At 0727 on 25 June 2020, after an overnight passage from Lerwick in the Shetland Islands, the ro-ro freight ferry Arrow grounded in thick fog while entering Aberdeen Harbour. There were no injuries or pollution, and the vessel was successfully re-floated 45 minutes later. There was significant damage to the port side of the underwater hull, including holing and splitting of several water ballast tanks and damage to the port propeller and rudder. Repairs required dry docking and the vessel was out of service for four weeks.
The investigation found that Arrow’s bridge team was not fully prepared for pilotage in restricted visibility and that Bridge Resource Management was poor.
There was no effective shared mental model of the pilotage plan and the vessel’s progress along it. A pilot exemption certificate holder provided by the vessel’s charterer was navigating by radar and steering the vessel himself while receiving limited support from the remainder of the bridge team. He became overloaded in the fog that enclosed Arrow a few minutes before it entered Aberdeen’s 70-metre-wide Navigation Channel and, while trying to correct a deviation to the north of the planned track, he over-corrected to the south. The over-correction was not noticed by the bridge team in time to avoid grounding.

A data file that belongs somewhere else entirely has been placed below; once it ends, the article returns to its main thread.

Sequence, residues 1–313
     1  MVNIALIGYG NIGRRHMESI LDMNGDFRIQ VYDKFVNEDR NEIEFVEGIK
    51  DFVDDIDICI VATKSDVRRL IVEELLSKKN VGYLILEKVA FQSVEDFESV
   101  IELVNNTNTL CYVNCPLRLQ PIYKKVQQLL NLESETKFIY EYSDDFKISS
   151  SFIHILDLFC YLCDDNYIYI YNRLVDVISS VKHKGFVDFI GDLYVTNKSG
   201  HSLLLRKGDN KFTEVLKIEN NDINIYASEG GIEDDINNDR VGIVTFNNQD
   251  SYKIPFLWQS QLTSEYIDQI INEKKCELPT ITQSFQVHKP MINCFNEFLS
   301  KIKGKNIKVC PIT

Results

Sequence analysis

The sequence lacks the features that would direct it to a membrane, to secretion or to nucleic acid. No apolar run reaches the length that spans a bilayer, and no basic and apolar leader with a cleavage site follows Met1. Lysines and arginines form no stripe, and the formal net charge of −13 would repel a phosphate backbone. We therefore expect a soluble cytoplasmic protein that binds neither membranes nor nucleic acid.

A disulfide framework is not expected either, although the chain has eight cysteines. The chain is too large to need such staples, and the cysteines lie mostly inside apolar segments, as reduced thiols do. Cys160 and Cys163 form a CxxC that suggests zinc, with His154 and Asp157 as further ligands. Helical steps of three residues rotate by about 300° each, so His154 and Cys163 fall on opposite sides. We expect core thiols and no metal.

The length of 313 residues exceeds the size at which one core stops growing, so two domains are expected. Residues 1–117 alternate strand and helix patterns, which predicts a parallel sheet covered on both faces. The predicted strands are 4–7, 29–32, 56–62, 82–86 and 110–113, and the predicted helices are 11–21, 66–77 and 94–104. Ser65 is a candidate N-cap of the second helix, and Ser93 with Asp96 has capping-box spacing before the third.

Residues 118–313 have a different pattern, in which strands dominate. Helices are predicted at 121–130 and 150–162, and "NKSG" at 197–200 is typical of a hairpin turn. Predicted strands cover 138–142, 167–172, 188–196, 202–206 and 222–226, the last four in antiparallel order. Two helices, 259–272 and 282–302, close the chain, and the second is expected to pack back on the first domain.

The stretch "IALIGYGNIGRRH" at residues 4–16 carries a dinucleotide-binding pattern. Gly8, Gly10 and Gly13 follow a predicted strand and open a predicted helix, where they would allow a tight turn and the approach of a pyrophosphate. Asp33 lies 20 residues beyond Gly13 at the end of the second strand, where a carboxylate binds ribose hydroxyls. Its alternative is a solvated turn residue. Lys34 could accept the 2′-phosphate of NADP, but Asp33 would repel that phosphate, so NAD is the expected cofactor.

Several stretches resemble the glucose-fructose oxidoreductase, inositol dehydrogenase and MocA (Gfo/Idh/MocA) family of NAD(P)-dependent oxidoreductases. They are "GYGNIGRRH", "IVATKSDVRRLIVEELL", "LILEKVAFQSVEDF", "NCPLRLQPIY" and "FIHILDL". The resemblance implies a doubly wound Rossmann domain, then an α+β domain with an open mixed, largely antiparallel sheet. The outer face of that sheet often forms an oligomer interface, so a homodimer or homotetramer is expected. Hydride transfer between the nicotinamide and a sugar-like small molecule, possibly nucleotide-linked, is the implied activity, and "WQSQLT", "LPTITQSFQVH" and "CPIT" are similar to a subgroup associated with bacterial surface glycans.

The navigation techniques used did not provide Arrow’s bridge team with an accurate view of the available safe water in the Aberdeen approach channel.
Poor bridge ergonomics and limited Electronic Chart System capabilities meant that the conning officer was navigating by use of radar alone.
After the grounding, Arrow began to list significantly in the falling tide and after 13 minutes the general alarm was sounded. Having verified that there were no internal ruptures and thus no ingress of water into the hull, Arrow’s master decided to attempt to re-float the vessel. Using Arrow’s engines and bow thruster and with the assistance of an Aberdeen Harbour pilot and a tug the vessel was re-floated, although pulling the ship off the bank probably caused some additional damage.
As a result of this accident, Seatruck Ferries Limited has undertaken a number of actions designed to improve the safe navigation of its vessels in pilotage waters, including, inter alia, implementation of effective Bridge Resource Management, clarifying its requirements for the conduct of pilotage by pilotage exemption certificate holders, navigation in restricted visibility and optimising the use of electronic navigation systems.
Aberdeen Harbour Board has reviewed its vessel traffic service procedures and introduced a graded pilotage exemption certificate system, together with enhancements to training